The concept of sustainability was integrated into the project from the outset, by carefully selecting the location – on the edge of the city, circled by a cluster of seven homes. Despite providing multiple housing units for seven families, the floor area of the constriction remained nearly the same (increasing from 30 % to 33 % of the land).
The first step was to create the optimal building envelope. The next elements to be considered were energy-efficient devices and renewable energy. So far, the houses have performed significantly better than expected. With E7/E12 and K16/K19 ratings (for mid-terrace and end-of-terrace homes respectively) the houses are ‘future-proof’ and achieve the passive house standard of 15 kWh/ m2/year.
For rainwater, the goal is to achieve water neutrality. This means that as much rainwater as possible is collected and reused. The houses have sloping roofs with ceramic slates. Each home has a 5000-litre rainwater, which is connected to the toilets, a maintenance faucet, and a pipe for the washing machine. Excess water leaves through an overflow to a common, gravel-filled, filtration basin in the communal garden.
The final cost of construction was 1,100 euros per m2 plus VAT for the mid-terrace houses and 1,210 euros per m2 for the two end-terrace homes. Almost a quarter (24 %) of this cost was spent on the superstructure, which has a big impact on the performance envelope. The conclusions are clear: opt for a sustainable, yet affordable, building envelope, and prioritize collective heating, with specific consideration given to a renewable energy plan.
Traditional building methods, using typical clay building materials, are perfect for affordable projects with a long service life, and do not compromise on quality or aesthetics.
HIGH QUALITY LIVING OVER GENERATIONS
Living comfort was paramount. The solid construction minimiz- es fluctuations in temperature via its thermal buffering capacity. To achieve optimal sound insulation, the houses are separated by a concrete slab and there are double partition walls between the houses, which are filled with acoustic insulation. In addition, a flexible joint separates the exterior façades.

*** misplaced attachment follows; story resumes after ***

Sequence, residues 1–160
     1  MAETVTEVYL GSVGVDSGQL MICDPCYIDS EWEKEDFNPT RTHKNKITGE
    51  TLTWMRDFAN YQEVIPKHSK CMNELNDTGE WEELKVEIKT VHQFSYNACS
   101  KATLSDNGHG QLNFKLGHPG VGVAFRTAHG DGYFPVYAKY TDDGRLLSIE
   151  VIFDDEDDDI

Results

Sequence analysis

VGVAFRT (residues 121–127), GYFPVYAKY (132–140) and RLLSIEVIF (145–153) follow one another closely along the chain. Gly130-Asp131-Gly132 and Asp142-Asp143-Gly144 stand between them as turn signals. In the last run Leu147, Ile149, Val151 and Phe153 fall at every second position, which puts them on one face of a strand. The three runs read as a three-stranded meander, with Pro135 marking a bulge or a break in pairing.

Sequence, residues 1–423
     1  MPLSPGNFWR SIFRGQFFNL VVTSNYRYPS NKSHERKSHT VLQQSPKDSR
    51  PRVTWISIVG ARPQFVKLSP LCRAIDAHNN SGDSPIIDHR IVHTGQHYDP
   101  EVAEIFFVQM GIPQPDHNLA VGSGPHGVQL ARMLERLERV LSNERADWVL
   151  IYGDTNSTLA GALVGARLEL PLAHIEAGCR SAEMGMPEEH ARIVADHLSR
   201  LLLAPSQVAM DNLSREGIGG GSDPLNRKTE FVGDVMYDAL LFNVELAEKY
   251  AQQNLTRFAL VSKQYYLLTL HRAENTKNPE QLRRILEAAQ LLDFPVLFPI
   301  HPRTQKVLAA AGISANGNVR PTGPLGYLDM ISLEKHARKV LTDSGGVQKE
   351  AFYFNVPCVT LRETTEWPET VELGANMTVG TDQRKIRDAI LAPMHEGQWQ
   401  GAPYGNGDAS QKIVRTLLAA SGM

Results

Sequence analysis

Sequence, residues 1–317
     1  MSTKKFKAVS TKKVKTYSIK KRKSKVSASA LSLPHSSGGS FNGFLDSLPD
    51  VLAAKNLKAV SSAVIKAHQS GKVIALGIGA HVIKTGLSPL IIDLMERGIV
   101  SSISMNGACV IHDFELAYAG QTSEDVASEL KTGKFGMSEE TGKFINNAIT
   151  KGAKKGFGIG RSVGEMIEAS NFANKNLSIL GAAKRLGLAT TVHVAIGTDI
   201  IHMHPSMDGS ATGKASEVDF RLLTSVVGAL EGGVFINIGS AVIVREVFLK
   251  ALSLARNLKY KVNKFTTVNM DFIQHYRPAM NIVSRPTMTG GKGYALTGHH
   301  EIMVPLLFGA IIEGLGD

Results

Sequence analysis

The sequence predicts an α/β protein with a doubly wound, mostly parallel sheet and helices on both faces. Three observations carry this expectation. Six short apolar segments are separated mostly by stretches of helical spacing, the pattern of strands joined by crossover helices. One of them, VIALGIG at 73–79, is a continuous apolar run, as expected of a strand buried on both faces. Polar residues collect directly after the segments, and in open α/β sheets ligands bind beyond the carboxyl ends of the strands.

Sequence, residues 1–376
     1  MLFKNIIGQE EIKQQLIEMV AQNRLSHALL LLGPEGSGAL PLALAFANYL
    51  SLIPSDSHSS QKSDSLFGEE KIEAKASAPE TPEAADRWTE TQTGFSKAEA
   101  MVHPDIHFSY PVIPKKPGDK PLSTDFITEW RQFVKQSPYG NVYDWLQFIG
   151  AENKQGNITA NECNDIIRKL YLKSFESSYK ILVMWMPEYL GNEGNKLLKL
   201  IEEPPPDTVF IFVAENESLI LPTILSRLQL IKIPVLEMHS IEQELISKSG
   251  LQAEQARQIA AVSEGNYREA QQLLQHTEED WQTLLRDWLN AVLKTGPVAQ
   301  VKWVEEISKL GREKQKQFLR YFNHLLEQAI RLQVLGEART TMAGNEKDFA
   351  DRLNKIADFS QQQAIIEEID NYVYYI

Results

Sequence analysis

To allow the homes to evolve over the lifespan of the residents, detailed consideration was given to accessibility and adaptability, including minimized thresholds at the entrances, wide doors, turning space for wheelchairs, a staircase suitable for a stair lift, and more.
The project achieved BREEAM (Building Research Establishment Environmental Assessment Methodology) certification with a rating of “Excellent”. It is only the second residential project in Belgium to achieve such a high score.
Facts & Figures
Project nameDe Duurzame Wijk’ – The Sustainable Neighbourhood, Waregem, Belgium
ArchitectWielfaert Architects, Landscape architect: Fris in het Landschap
Terca Eco-brick Linnaeus, Koramic Bellus slate engobe, Koramic Fleece Plus underlay, Porotherm PLS 500, Penter customized water-permeable pavers
Primary energy consumption for heating: 7,436 kWh prim/year
Net energy consumption for heating: 9 kWh/year
CO2 emissions: -477 kg CO2 / year
Year of completion2016